Ready, Set, Read!

The ABC's of being a children's Librarian

Childhood Literacy Quick Tips

on August 26, 2012

Th#2 – Reading: The Whys and the Hows

 
Baby in diaper looking attentively into the book Stock Photo - 9476331

We all read for different reasons. We read for pleasure; we read for work’ we read books, magazines, and Internet articles as a daily part of our lives. We all know that reading and high literacy levels are important factors for educational success. But how did we get there? As children, we learn to read on a very slow but detailed basis. We start with sounds, the Gagas and Go0-goos of infancy are a child’s way of orally communicating with us. They all have somethign to say, but until they have the words to form those emotions, we’ll get grunts, tantrums and tears. As children get older, they learn to speak before they learn to read. Learning to read then uses their prior knowledge of forming sounds and vocabulary.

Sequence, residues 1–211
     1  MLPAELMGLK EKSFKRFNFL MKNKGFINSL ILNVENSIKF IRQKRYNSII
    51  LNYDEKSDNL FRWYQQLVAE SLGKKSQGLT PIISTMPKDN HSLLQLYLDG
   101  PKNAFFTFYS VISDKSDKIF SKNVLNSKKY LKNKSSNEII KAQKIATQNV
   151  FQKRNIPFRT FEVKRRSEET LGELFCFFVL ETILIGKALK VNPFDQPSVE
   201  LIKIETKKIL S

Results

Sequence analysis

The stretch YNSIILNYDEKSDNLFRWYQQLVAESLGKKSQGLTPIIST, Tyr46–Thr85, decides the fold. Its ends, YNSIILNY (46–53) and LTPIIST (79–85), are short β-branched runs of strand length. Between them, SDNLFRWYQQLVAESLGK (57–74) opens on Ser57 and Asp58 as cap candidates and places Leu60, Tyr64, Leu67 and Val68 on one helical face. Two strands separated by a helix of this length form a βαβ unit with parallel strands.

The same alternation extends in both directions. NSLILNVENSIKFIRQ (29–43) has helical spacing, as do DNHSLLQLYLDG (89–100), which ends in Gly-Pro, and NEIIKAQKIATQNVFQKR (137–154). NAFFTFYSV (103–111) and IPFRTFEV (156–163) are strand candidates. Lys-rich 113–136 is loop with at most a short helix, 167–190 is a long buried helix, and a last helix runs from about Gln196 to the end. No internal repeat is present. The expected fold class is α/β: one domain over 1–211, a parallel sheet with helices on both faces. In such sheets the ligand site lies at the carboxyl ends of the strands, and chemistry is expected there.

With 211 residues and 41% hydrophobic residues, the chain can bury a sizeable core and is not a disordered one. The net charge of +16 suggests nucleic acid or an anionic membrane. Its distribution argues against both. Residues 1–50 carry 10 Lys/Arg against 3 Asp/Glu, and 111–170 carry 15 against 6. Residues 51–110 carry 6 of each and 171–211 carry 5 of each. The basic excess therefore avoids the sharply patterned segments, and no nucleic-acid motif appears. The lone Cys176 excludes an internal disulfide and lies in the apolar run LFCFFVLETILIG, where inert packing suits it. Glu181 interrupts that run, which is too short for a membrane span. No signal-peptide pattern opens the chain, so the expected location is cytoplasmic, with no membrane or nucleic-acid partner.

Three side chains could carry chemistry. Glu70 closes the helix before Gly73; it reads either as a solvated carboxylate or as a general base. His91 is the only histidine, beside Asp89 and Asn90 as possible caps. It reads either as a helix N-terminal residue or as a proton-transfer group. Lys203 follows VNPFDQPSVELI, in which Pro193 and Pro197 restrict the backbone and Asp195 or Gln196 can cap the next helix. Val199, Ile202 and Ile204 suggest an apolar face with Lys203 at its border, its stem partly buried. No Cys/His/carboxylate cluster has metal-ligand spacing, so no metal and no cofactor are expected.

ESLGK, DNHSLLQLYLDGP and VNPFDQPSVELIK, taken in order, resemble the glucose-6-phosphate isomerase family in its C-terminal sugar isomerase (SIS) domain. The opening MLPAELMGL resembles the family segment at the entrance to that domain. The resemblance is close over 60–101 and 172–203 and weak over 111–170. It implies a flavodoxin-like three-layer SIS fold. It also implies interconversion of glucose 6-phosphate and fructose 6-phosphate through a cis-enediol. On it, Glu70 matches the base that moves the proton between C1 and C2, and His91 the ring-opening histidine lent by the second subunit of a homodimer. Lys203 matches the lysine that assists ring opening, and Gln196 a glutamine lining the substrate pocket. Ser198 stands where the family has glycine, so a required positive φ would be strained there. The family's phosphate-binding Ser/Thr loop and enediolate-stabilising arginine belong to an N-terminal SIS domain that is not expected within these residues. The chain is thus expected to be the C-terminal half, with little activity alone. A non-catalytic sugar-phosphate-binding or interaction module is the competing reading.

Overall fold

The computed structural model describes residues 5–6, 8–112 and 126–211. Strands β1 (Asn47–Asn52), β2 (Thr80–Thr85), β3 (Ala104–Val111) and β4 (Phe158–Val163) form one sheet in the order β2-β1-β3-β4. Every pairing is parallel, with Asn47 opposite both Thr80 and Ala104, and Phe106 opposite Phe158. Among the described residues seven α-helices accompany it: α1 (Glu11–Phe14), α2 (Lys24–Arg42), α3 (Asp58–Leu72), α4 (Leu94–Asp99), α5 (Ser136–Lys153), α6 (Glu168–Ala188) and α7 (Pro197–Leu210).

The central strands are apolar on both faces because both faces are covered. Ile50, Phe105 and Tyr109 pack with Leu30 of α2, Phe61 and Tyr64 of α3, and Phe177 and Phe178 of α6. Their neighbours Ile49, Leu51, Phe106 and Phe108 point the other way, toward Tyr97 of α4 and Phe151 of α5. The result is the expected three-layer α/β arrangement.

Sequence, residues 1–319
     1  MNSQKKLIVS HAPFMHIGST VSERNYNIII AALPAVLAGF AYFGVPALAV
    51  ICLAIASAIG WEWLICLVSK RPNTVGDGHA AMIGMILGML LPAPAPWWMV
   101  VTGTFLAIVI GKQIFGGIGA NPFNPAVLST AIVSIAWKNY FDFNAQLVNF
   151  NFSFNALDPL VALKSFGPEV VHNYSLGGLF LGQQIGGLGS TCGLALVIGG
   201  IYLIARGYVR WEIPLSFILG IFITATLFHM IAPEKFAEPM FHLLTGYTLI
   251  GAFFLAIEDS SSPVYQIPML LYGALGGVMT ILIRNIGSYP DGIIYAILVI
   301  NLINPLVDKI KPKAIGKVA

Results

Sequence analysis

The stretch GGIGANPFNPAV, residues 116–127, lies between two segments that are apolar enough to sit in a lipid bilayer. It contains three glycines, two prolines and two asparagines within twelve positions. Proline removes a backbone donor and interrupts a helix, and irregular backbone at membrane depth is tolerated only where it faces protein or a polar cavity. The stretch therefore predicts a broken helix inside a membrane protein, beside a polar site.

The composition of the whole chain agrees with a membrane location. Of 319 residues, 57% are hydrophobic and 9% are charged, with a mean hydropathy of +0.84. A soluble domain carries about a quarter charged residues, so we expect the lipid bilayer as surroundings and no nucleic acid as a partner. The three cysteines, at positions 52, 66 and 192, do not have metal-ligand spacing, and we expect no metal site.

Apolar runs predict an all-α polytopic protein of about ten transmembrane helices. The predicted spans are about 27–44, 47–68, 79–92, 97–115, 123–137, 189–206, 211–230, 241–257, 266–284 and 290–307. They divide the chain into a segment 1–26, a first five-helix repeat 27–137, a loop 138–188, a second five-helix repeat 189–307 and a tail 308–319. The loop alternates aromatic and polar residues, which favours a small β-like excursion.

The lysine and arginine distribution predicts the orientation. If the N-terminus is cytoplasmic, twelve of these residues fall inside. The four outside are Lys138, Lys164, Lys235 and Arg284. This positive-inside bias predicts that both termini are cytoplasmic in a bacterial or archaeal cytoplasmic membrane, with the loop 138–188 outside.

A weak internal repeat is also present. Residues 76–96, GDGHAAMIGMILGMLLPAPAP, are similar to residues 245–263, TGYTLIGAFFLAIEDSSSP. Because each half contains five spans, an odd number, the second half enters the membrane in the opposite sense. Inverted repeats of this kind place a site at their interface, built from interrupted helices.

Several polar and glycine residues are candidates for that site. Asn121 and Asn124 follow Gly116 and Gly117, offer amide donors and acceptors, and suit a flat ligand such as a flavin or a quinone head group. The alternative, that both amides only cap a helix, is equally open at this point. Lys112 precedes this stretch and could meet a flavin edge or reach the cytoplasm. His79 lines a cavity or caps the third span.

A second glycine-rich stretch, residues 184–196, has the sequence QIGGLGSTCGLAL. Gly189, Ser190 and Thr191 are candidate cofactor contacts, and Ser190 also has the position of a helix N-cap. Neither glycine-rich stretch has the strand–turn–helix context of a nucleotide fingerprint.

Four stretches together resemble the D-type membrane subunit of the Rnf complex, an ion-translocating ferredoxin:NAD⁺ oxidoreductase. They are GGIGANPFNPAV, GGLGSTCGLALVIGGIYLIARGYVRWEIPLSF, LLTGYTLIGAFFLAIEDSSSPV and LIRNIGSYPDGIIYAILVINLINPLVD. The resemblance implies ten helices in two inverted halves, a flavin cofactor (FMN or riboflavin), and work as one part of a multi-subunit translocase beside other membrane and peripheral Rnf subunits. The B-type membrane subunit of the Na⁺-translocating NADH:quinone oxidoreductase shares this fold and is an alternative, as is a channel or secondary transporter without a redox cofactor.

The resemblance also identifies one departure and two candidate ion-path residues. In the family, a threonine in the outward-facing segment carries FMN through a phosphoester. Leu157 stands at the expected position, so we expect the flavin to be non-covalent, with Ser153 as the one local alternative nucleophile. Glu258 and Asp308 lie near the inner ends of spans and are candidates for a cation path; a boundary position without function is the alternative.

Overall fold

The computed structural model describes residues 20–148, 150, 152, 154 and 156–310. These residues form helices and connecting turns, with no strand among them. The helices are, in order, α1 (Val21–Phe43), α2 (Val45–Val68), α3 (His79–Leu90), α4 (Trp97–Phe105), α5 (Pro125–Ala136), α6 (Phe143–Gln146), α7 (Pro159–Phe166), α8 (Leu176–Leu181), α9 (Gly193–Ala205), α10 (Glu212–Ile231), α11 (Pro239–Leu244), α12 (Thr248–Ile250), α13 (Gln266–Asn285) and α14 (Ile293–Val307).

Introducing infants to print introduces them to the concept of books, of ideas, and of words. They learn how words and letters function. Reading with your infant teaches them that we read from left to right, top to bottom. We can use illustrations to help interpret the text, we can sound out the letters and form words and rhyme schemes to help progress the story along. Visuals can come in really handy when approaching new words or sounds. The more vocabulary your child has to start with, the faster they’ll pick up on the words in print. They’ll hear the word apple, they’ll see and eat an apple, and when they come across the word apple in a book, they’ll be quicker to pronouce that word and move on to the next.

It is very key to talk to your child about everything, even the most mundane occurances of your day. They learn routines, they learn structure, they build their vocabulary and will be able to anticipate what happens next in a story about a child helping with laundry, or going for a walk in the park.

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